US multi-national, ExxonMobil, announced yesterday that it made its 18th discovery offshore Guyana at the Redtail-1 well in the Stabroek Block.
The exploration and production giant said this will add to the previously announced estimated recoverable resource of more than eight billion oil-equivalent barrels.
The company noted that Redtail-1 encountered approximately 232 feet (70 meters) of high-quality oil bearing sandstone and was drilled in 6,164 feet (1,878 meters) of water.
The well is located approximately 1.5 miles (2.5 kilometers) northwest of the Yellowtail discovery.
In addition to the Redtail-1 discovery, Exxon said that drilling at Yellowtail-2 encountered 69 feet (21 meters) of net pay in newly identified, high quality oil bearing reservoirs among the original Yellowtail-1 discovery intervals.
It said that this resource is currently being evaluated for development in conjunction with nearby discoveries, all of which are tied to a Production Sharing Agreement (PSA) that sees it walking away with the lion’s share of the oil profits.
In July 2019, Kaieteur News had done an extensive review of 130 PSAs to better understand the extent to which the Guyana-ExxonMobil deal is fraught with unfair provisions. For example, according to the PSA, the government is paying the contractor’s income tax out of the country’s share of the profits. However, none of the 130 PSAs examined by this news agency shows such an arrangement.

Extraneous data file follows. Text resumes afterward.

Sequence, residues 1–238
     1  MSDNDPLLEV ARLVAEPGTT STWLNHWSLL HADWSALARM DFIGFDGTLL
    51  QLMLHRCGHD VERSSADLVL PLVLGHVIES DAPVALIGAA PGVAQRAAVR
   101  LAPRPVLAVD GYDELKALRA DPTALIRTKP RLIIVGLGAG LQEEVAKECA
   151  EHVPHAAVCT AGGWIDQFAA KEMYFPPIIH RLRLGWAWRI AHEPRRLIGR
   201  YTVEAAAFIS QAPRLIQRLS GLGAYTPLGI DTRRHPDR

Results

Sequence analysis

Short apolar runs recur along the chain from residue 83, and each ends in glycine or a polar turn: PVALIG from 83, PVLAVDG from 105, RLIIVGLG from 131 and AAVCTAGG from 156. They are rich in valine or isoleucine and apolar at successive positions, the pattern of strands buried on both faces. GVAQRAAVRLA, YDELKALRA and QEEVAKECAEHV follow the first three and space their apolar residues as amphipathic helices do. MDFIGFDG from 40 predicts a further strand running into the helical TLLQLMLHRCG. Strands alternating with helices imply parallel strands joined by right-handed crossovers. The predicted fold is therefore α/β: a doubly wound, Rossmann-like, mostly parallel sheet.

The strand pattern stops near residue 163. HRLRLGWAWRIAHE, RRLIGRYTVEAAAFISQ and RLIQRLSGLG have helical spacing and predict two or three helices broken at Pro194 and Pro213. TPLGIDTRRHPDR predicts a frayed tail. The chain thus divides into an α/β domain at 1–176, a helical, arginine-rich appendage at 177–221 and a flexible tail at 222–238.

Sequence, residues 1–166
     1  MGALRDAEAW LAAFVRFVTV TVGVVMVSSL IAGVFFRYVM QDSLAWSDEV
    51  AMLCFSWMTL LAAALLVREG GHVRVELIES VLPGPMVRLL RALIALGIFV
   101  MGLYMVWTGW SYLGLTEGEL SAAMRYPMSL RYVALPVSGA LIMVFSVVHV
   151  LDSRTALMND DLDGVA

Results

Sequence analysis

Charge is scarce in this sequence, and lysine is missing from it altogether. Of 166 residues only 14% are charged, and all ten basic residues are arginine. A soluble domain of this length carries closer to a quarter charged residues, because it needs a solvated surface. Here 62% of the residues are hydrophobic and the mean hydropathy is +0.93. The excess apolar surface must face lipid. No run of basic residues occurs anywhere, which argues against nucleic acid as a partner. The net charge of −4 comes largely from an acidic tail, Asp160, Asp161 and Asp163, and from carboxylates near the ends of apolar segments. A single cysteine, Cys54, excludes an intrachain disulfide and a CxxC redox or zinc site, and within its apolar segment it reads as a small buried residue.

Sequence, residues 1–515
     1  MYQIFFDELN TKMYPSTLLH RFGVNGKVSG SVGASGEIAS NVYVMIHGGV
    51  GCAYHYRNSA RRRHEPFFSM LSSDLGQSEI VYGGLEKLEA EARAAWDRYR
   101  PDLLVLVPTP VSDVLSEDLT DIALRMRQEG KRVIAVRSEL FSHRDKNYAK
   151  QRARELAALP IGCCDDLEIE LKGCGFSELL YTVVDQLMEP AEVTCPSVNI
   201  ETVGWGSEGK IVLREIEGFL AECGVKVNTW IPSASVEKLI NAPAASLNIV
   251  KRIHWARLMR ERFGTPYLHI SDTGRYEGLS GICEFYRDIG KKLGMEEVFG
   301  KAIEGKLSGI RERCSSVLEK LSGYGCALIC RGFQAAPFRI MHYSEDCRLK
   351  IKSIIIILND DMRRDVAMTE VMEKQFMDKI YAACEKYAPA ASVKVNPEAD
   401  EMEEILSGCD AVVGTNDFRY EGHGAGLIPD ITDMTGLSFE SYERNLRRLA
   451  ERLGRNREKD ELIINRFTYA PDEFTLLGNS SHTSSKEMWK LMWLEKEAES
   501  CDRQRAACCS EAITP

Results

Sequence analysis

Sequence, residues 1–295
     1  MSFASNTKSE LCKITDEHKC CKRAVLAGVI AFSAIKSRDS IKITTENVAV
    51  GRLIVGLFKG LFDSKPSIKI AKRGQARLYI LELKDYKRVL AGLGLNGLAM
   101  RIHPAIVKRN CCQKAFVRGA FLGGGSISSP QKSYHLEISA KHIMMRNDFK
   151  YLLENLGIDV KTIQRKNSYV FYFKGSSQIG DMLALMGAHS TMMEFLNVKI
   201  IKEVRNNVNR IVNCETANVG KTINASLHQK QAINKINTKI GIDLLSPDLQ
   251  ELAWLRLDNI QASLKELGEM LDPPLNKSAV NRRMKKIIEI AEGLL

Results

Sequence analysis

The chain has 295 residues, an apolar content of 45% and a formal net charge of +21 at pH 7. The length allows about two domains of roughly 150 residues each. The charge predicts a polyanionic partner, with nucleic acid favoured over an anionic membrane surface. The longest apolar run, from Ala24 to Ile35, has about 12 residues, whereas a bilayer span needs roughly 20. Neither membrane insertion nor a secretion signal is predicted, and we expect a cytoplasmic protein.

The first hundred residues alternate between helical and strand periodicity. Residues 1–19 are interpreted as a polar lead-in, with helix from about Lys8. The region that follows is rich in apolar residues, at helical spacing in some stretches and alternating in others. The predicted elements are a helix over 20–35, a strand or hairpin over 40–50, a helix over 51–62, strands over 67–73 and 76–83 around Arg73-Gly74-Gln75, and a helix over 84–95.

Further, Guyana’s PSA is the only one out of 130 PSAs which has no ring-fencing provisions to prevent costs of unsuccessful wells being carried over to that of successful wells.
There is also no sliding scale for royalty to increase as production improves.
And that is not all. Guyana’s PSA is the only one out of 130 that allows insurance premiums to be fully recovered as well as interest on loans and financing costs that are incurred by the contractors.
The 130 PSAs examined are part of a register on www.resourcecontracts.org. (https://resourcecontracts.org/search?q=Production+Sharing+Agreement+)
That website offers over 620 PSAs from around the world for perusal. Below are other anomalies that were found when Guyana’s PSA was compared to others.
In the PSA between Mauritania and Kosmos Energy, it specifically states that the contract is governed by the laws and regulations of the Islamic Republic of Mauritania, supplemented by the general principles of the laws of international commerce.
It notes that the contractor shall be subject, at all times, to the laws and regulations in force in the Islamic Republic of Mauritania.